Products from the Past

We have gathered a number of details for some products from the past, some will be viewed from today's perspective in horror, but most of us readily accept new products, not really knowing what the long term issues might be.


Asbestos was used for oven gloves, wall boards, artex, floor tiles and for lagging pipes. It could be found in brake pads, brake linings and clutch facings. It was in gas mask filters, the children's gas mask illustrated was designed to look like Mickey Mouse. Fake snow was another use, in 1939 MGM film The Wizard of Oz, the cast played in the (asbestos) snow, it was also used in Holiday Inn (1942).
There is a popular acceptance that the risks of asbestos were not known until the 1970's, Asbestos has been used for centuries due to its flame retardant and heat resisting/insulating properties and the risks were known from at least the first century and were mostly ignored.
Archaeological digs have found asbestos use in pottery and chinking of log dwellings going back over 4000 years. Asbestos use was very prevalent in ancient Greece where it was considered a valuable commodity. There are records of it being used to make tablecloths; these could be thrown into a fire to clean them. In fact, the probable origin of the word chrysotile (the most common form of asbestos) is from the Greek for gold (chrysos) and fibre (tilos). The Greeks and the Romans were aware that the slaves that worked in the asbestos mines had major health issues with their lungs.
Pliny the Elder, born circa 23 AD, a distinguished Roman author, naturalist and military commander (died Aug 25 79 AD during the eruption of Mount Vesuvius) was recorded as having warned others not to buy slaves from the asbestos mines as they died young. He also suggested that slave owners with mining interests should help to prolong the working life of their assets by providing masks made of bladder skin to keep the dust out of the slaves’ lungs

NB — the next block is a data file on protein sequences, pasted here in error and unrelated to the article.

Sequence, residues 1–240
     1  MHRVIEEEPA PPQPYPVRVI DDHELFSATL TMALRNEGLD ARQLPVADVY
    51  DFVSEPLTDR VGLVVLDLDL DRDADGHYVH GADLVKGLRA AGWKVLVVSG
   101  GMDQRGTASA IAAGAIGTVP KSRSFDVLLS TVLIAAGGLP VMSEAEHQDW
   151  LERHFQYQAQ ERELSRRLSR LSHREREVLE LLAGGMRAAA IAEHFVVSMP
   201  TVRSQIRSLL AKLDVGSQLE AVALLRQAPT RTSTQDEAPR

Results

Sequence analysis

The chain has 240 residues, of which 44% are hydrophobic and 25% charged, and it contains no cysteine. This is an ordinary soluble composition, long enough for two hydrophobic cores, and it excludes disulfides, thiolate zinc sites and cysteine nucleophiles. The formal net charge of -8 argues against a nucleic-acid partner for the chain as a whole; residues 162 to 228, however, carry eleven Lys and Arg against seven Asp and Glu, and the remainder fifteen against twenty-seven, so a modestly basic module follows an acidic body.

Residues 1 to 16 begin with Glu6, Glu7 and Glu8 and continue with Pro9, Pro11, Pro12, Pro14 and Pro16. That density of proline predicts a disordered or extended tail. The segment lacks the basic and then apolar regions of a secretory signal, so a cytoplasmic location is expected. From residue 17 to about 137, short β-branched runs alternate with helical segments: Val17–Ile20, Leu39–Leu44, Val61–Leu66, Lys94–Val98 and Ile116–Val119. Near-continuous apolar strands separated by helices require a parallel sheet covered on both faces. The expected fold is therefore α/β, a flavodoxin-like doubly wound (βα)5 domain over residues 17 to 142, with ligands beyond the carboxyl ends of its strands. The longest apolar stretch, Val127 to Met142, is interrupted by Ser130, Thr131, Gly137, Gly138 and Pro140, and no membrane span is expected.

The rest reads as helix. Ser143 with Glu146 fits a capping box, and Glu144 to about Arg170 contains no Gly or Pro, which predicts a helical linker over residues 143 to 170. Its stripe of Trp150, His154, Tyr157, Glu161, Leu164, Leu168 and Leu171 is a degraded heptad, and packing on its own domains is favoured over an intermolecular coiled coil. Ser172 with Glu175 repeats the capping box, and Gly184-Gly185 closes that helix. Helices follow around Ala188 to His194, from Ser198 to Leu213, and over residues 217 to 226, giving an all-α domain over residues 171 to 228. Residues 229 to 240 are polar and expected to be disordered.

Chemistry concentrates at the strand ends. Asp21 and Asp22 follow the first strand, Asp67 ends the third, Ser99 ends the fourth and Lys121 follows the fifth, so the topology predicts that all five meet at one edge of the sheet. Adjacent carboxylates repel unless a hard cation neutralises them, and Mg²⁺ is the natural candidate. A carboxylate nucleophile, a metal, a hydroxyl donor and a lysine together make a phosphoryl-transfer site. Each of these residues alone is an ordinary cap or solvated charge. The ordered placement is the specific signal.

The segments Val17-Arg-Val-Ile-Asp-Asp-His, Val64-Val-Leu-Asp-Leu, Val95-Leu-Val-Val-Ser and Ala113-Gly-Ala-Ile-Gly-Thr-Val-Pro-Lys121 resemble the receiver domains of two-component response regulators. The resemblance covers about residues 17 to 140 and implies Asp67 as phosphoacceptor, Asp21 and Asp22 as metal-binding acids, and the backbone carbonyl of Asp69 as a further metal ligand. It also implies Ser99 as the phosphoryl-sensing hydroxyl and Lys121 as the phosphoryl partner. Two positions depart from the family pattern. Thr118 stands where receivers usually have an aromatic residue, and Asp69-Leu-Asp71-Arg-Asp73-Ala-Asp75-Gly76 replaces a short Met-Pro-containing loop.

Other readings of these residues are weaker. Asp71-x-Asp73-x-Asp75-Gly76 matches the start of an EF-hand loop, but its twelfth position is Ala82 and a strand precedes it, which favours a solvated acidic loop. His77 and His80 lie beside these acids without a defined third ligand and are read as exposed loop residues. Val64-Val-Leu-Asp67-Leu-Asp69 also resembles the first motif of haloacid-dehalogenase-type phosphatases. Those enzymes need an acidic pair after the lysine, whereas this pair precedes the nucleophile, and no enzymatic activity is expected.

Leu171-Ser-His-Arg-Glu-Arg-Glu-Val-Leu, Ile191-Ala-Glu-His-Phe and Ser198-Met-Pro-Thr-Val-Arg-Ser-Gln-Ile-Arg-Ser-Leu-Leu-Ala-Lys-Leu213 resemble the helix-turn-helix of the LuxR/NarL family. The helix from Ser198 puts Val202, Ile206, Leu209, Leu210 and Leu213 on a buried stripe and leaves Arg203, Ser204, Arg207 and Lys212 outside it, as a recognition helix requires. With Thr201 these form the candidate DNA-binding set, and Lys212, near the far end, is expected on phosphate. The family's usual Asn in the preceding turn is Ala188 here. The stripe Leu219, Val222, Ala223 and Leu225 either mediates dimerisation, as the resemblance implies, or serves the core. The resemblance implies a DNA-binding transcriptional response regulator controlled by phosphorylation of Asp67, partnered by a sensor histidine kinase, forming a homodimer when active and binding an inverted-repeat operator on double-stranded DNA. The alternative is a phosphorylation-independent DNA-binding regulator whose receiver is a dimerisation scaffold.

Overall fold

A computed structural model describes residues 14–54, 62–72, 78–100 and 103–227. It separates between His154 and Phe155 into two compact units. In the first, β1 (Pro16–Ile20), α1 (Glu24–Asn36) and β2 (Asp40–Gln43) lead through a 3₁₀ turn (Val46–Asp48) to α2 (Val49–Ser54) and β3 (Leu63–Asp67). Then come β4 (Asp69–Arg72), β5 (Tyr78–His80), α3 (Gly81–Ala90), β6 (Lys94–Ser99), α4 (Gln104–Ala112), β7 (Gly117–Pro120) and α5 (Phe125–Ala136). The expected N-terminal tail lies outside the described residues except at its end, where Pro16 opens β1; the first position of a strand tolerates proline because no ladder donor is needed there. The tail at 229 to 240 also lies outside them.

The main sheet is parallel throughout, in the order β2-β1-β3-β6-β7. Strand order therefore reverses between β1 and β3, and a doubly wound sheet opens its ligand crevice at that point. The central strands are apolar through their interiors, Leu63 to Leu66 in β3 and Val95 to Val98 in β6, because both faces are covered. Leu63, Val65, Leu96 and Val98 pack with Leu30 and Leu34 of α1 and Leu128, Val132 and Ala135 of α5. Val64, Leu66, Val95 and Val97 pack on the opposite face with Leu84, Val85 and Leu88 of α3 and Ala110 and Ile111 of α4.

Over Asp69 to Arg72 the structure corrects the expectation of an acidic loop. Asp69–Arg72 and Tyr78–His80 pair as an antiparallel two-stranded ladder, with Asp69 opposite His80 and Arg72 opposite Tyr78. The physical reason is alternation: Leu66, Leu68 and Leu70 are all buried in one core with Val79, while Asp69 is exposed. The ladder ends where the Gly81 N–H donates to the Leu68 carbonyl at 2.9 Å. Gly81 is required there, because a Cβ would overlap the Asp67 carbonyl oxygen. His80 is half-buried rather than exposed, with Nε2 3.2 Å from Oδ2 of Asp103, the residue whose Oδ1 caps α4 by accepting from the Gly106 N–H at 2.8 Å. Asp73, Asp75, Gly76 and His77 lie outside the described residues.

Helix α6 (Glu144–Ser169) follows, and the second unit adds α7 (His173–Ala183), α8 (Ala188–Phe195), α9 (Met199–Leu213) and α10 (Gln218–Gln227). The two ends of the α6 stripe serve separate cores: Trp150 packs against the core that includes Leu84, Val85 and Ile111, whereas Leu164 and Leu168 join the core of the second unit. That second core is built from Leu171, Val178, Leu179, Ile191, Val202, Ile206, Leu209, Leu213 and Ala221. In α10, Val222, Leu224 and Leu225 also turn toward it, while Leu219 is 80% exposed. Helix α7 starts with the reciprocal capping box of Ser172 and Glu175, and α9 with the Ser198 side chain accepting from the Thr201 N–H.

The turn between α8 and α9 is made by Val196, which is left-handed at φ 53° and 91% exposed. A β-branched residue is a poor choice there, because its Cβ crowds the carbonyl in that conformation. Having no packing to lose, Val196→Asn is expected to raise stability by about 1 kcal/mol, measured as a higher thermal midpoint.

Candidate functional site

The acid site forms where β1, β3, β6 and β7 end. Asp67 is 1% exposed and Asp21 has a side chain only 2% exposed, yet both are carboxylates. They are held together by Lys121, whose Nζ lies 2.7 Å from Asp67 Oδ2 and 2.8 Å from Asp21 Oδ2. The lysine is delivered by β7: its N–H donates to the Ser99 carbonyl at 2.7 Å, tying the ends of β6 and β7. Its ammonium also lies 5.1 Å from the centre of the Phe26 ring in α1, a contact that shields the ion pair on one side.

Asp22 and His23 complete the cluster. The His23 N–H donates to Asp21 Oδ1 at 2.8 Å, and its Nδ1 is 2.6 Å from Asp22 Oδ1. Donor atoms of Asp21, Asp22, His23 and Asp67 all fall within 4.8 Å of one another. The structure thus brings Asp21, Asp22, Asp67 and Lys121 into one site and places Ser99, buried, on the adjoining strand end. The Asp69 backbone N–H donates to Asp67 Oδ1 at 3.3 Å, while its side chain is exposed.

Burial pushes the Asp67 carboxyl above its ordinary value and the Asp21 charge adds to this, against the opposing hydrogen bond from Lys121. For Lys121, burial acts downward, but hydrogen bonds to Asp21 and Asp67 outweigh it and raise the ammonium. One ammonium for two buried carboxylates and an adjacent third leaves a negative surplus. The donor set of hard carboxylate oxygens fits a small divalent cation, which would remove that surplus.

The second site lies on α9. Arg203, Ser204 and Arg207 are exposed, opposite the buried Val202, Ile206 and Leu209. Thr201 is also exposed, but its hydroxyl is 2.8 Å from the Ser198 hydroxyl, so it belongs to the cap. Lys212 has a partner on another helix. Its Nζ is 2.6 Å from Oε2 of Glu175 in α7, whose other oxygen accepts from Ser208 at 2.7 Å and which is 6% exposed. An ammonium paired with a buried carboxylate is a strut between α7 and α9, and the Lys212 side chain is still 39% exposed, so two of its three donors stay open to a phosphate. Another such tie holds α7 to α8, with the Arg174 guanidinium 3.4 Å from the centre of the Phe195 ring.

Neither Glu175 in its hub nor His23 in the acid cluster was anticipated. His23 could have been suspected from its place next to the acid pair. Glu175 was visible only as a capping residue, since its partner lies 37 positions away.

Laudanum (powdered opium, water, and alcohol) was once a common opiate preparation and rubbed onto the cheeks or gums, as well as applied to the teeth, it was used to treat whooping-cough, asthma, rheumatism, epilepsy, insomnia, anxiety and diarrhoea
Mrs Winslow's soothing syrup contained morphine but was readily available to the general public throughout the UK.
Infants Preservative (Laudanum) was regularly used to 'calm' babies and small children.
In 1886, an inquest on the body of a six-week-old baby decided that a mere six drops of Royal Infants’ Preservative had been enough to kill it, as it was already weakened by illness. Surgeon Mr H S Leigh told the jury that when he saw the baby the morning after the dose. “Its pupils were contracted to the size of a pin’s head; it was covered with a cold, clammy sweat; it was breathing about six in the minute, and was apparently moribund. The child lingered on till evening, when it died"
In East Anglia, opium in pills and penny sticks, was widely sold and opium-taking was described as a way of life there. Throughout the Fens it was used in 'poppy tea'.

Arsenic, Mercury and Lead

Products containing Arsenic, Mercury and Lead still have their uses, but are now much more controlled. Arsenic could be purchased over the counter and was used to medicate many skin problems. The illustration shows it described as 'Perfectly Harmless'. However it was portrayed historically as a 'poison of choice' due to its availability and ease of administration.
Arsenic, lead and mercury was historically use in paints, children ran the risk of poisoning from paint on toys and on their cots. Some risk remains for those removing old paint during renovations. Lead was also added to petrol. in the early 1920's Thomas Midgley discovered that the addition of Tetraethyllead (TEL) (marketed initially as Ethyl) to gasoline prevented "knocking" in car engines. The issues with lead poisoning to those working in production should have been a warning to stop but it was not until the end of the last century when leaded petrol was removed from sale.

Pictures from the Past

1930 United States - Empire State Building